Lately, we can hear about this «unknown animal” from everywhere, and usually it comes in hand with big money.
“Grimes sold $6 million worth of digital art as NFTs” – the Verge
“Quentin Tarantino To Release Unseen ‘Pulp Fiction’ Scenes As NFTs” – the Screencrush
What is this? Is this even real? For what people paying these amounts? Let’s dive into.
Non-fungible tokens use blockchain technology to certify the authenticity and ownership of a specific and unique digital object.
Non-fungible means irreplaceable, what also means it’s kinda untradable, because, for example, you can trade one bitcoin for another and you will have the same thing, so it’s tradable, but with NFTs it doesn’t work like that. Why? Because it’s art and in fact an evolution of art (probably it’s correct to say digital art*) collecting. It implies that basically you can buy everything ever done in internet: videos, photos, tweets, posts, music, images, digital art, design, your brain downloaded and turned into an AI etc.
Basically at allows you to buy and sell the ownership – something that can’t be copied. You get to own a piece of digital work that no one else can possess*. It’s possible to prove who owns a given NFT at any moment in time and trace the history of prior ownership.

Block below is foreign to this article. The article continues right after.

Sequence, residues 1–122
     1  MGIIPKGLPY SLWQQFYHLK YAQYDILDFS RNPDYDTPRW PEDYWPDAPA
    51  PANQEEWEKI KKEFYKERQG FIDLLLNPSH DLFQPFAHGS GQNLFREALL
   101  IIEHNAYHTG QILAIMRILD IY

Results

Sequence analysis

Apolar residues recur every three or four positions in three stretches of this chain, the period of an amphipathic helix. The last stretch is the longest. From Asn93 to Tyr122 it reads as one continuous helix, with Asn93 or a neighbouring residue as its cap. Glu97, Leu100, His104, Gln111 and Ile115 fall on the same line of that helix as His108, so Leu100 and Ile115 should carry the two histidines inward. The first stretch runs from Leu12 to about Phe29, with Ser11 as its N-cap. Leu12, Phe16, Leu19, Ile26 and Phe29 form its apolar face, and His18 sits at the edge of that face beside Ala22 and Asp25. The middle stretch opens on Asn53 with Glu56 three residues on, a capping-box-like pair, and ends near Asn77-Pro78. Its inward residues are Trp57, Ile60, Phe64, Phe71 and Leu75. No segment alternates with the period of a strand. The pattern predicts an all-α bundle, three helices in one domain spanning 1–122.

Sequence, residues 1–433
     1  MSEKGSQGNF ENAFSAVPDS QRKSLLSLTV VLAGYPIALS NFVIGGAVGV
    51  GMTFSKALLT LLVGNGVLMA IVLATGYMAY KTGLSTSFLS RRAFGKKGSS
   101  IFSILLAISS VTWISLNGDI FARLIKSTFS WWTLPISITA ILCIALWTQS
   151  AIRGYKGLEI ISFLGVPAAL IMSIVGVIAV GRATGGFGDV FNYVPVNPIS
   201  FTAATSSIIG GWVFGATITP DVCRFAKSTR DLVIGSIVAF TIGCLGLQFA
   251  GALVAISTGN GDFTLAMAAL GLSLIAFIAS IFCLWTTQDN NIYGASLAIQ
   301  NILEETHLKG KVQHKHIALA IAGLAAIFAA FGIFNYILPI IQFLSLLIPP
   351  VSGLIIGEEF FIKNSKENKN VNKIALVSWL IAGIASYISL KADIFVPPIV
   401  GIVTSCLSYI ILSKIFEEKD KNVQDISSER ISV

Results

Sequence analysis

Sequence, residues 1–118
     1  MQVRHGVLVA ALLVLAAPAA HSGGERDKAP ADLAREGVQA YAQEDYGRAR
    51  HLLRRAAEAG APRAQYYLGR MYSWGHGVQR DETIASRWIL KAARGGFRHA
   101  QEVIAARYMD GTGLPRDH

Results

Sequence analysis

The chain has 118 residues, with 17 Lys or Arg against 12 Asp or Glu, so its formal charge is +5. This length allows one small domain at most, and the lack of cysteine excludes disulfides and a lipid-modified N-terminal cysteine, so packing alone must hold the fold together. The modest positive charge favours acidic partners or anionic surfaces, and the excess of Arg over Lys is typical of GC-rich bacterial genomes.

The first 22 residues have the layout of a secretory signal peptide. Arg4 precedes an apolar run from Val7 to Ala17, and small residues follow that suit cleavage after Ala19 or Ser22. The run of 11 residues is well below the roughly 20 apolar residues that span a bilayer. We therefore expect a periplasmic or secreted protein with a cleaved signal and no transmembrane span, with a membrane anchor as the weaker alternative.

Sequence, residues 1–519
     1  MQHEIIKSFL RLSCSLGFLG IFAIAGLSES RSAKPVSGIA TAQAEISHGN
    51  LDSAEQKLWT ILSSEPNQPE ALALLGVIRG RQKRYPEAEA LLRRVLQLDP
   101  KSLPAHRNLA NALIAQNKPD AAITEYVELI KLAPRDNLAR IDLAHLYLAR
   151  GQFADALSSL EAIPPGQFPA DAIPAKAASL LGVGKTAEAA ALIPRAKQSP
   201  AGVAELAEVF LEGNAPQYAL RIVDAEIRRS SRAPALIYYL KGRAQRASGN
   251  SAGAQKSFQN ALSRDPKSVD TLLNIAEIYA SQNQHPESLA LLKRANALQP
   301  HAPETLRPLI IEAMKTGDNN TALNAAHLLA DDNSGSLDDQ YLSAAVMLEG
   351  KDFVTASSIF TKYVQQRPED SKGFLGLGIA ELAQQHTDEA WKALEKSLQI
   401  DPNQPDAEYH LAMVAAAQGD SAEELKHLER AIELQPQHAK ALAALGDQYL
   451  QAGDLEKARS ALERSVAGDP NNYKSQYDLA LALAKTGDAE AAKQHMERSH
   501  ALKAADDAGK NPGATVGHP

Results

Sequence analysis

*BUT digital assets of an NFT can be duplicated as easily as downloading a jpeg to your desktop. The point is the ownership which is carved in stone in the blockchain (though the artist can still retain the copyright and reproduction rights, just like with physical artwork). To put it in terms of physical art collecting: anyone can buy a Van Gogh print. But only one person can own the origina
Which NFTs are popular?
One of the most successful collections in the nonfungible token space – BAYC (Bored Ape Yacht Club) launched in April and consists of 10,000 Bored Apes. The cheapest you can buy one for now is 49 ether = $231,000. Post Malone, Jimmy Fallon and Steph Curry are among today’s most prominent owners. Basically it’s like Pokémons for rich. Bored Ape Yacht Club was launched by a team of four pseudonymous developers: Gargamel, Gordon Goner, Emperor Tomato Ketchup and No Sass. It took 12 hours for all 10,000 to sell out at a price of 0.08 ether ~ $190.
What makes BAYC or any other NFT collection valuable is questionable in the same way as questionable every price tag for physical art is. Value is in the eye of the beholder.
What about NFT’s future? Is it going to thrive on, or, in the same way as it gained quite an overnight success, it’ll loose it’s popularity in the in a heartbeat?
In my personal opinion it will thrive and prosper, because if we take a look into the history, we see that none of art forms has disappeared. None. Art is the most irrational process and obviously we could have managed without painting our clay dishes, but we still do this to this day. NFT is one of the new forms of art, so in the same way as cinema, music, pottery etc didn’t die out, NFT won’t die out.